Johan Zoffany (1733-1810), The Academicians of the Royal Academy, 1771-72, oil on canvas, Royal Collection.
In the seventeenth and eighteenth centuries the foundation of official academies of art secured for the artist surer claims to intellectual recognition. These academies changed the status of the artist in many ways, but particularly by creating a new system for training, with the effect of professionalising the practice of art and rationalising its study. Artists were ‘educated’ rather than ‘trained’ by following a rigourous curriculum of study based on learned theories of art which encouraged artists to model themselves on the ‘great masters’ of antiquity and the Renaissance.
A painting by Johan Zoffany of The Academicians of the Royal Academy in 1772 provides portraits of one such collection of learned men; Sir Joshua Reynolds, author of Discourses on Art and the first President of the Royal Academy, is recognisable in the centre by his prominent ear trumpet. But the painting is also intended to convey the ‘ideal’ of the academic artist. The Academicians are shown in casual, confident poses, dressed as gentlemen of rank, participating in discussion of the nude. They are in the life-room of the Royal Academy, surrounded by classical casts and life models. Within academic curriculum the study of the naked human form was the most privileged course, and the nude was considered to be the basis for the supreme achievements of great artists. The Academicians are presented as learned and at ease with their learning. They are men of reason. Thus Zoffany’s painting can be seen as both a portrait and an idealised depiction. It is about eighteenth-century notions of the nature of the artist and the manner in which art should be pursued and practised.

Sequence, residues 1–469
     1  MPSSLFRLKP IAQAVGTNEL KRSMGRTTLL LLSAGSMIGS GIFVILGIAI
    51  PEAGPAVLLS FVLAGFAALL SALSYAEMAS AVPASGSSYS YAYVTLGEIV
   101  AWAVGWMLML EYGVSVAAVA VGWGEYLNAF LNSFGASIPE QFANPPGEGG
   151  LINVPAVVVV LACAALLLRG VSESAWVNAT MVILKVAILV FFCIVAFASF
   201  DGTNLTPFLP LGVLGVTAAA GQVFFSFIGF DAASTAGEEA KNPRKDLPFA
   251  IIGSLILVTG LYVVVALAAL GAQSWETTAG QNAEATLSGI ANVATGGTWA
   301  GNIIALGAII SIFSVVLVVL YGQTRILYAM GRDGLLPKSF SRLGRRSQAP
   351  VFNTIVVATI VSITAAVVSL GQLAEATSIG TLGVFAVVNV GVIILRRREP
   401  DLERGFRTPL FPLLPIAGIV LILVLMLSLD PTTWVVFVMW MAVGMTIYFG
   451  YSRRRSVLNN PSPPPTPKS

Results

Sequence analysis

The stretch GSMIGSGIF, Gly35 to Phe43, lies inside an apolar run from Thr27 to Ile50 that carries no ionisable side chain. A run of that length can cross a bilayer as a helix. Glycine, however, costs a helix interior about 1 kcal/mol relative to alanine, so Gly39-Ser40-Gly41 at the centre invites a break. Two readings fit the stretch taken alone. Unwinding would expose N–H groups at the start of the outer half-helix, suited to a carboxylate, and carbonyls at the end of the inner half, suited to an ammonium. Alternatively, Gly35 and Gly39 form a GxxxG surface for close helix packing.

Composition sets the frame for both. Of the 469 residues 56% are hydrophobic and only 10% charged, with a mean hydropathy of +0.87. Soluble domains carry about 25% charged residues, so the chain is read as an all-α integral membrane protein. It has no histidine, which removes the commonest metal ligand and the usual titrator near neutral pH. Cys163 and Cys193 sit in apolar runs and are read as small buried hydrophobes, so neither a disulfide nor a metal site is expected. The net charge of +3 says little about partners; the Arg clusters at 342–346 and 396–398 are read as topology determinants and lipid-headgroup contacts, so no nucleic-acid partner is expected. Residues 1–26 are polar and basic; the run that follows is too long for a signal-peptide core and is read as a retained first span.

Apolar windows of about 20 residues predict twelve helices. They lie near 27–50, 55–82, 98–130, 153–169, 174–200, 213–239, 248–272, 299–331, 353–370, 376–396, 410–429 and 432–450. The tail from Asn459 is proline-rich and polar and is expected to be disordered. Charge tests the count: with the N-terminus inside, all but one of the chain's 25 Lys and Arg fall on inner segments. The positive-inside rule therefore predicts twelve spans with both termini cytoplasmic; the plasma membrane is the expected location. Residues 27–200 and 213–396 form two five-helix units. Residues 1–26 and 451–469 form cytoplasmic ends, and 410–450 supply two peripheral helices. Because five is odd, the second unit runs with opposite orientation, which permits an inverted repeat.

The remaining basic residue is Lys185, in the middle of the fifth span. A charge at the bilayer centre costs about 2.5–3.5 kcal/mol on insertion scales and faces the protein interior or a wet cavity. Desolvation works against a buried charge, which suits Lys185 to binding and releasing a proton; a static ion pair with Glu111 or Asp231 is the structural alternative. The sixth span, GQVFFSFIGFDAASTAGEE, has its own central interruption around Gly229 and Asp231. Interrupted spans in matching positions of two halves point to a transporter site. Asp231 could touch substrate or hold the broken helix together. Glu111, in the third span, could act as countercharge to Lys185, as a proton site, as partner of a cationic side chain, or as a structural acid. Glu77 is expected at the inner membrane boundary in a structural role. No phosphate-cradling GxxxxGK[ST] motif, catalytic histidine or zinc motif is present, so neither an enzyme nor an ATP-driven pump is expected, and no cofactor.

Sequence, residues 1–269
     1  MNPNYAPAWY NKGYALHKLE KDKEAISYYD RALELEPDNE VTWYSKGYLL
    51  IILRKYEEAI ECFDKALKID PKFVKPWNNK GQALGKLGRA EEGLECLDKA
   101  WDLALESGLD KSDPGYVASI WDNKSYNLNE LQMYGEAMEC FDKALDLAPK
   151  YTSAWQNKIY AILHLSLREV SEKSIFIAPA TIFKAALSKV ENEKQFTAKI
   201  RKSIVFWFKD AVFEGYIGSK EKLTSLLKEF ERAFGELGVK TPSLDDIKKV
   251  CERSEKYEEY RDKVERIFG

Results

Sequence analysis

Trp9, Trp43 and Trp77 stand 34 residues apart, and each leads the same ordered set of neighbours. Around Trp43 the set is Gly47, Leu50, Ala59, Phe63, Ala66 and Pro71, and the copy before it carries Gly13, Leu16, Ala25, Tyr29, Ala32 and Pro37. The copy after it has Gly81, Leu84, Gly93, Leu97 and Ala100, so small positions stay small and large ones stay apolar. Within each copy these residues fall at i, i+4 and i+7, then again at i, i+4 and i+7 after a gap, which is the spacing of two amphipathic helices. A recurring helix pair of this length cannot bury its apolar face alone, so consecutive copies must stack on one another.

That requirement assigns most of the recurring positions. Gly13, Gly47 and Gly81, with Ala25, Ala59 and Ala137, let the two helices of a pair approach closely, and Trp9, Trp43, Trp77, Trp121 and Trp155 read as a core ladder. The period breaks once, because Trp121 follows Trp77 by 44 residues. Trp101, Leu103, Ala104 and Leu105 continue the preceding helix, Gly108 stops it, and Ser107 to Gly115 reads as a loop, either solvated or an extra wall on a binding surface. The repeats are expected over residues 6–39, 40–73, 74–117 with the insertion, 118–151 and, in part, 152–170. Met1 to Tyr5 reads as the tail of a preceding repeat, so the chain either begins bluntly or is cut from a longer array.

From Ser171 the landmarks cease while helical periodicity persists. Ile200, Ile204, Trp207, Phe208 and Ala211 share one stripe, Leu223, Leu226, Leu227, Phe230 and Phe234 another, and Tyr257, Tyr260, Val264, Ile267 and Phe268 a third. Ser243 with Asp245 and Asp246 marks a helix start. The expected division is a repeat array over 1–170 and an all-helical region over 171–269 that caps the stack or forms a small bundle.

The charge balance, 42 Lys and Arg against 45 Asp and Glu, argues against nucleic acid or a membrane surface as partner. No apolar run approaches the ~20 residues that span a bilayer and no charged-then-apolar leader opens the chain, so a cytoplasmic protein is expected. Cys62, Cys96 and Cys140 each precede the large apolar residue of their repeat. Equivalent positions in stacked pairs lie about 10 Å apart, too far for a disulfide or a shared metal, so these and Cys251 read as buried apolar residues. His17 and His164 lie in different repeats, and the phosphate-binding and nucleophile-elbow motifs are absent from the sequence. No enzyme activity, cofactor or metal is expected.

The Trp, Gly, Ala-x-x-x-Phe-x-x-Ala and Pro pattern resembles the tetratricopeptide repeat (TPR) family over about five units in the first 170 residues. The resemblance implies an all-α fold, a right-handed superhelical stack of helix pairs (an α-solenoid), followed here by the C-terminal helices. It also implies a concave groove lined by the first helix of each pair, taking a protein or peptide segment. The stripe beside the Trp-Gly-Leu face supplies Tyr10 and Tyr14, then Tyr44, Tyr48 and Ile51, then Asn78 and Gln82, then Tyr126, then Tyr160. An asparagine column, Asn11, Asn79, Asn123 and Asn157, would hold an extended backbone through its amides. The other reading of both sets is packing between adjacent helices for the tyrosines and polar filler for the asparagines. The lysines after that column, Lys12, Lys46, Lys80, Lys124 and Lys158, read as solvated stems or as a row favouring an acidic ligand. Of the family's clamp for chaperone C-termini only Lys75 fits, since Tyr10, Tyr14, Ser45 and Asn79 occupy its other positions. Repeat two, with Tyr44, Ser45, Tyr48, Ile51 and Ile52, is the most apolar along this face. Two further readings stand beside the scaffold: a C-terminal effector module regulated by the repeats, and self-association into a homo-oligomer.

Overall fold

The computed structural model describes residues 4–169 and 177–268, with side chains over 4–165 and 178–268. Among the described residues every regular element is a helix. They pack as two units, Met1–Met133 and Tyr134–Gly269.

There were, however, two female members of the Royal Academy, Mary Moser (1744-1819) and Angelica Kauffman (1741-1807). But they could not be accommodated in this image. In the interests of historical accuracy Moser and Kauffman could not be entirely excluded from an official group portrait of the Academicians, but they could not be included in a group discussing the nude model. Women were not allowed by the Academy to study in the life-class and this prohibition may have been so strong that Zoffany could not, even in a painting, show women Academicians in the same room as naked male models. It is nevertheless strange that Zoffany indicated their membership only by murky, uninformative and almost unrecognisable portraits on the right-hand wall. He did not even depict their faces with the same scrupulous care that enables us to identify all of their male colleagues.
Although their membership is recorded in this way it is highly significant that women artists could only be present as pictures within a picture and that their features were so differently portrayed that they could be easily mistaken for part of the studio furniture, on a par with the casts and models amongst which the educated gentlemen of the Academy stand or lounge. RP GP
The above article is taken from Rozika Parker and Griselda Pollock‘s ground-breaking Old Mistresses: Women, Art and Ideology. Re-issued this month, this updated edition offers a radical challenge to a women-free Art History.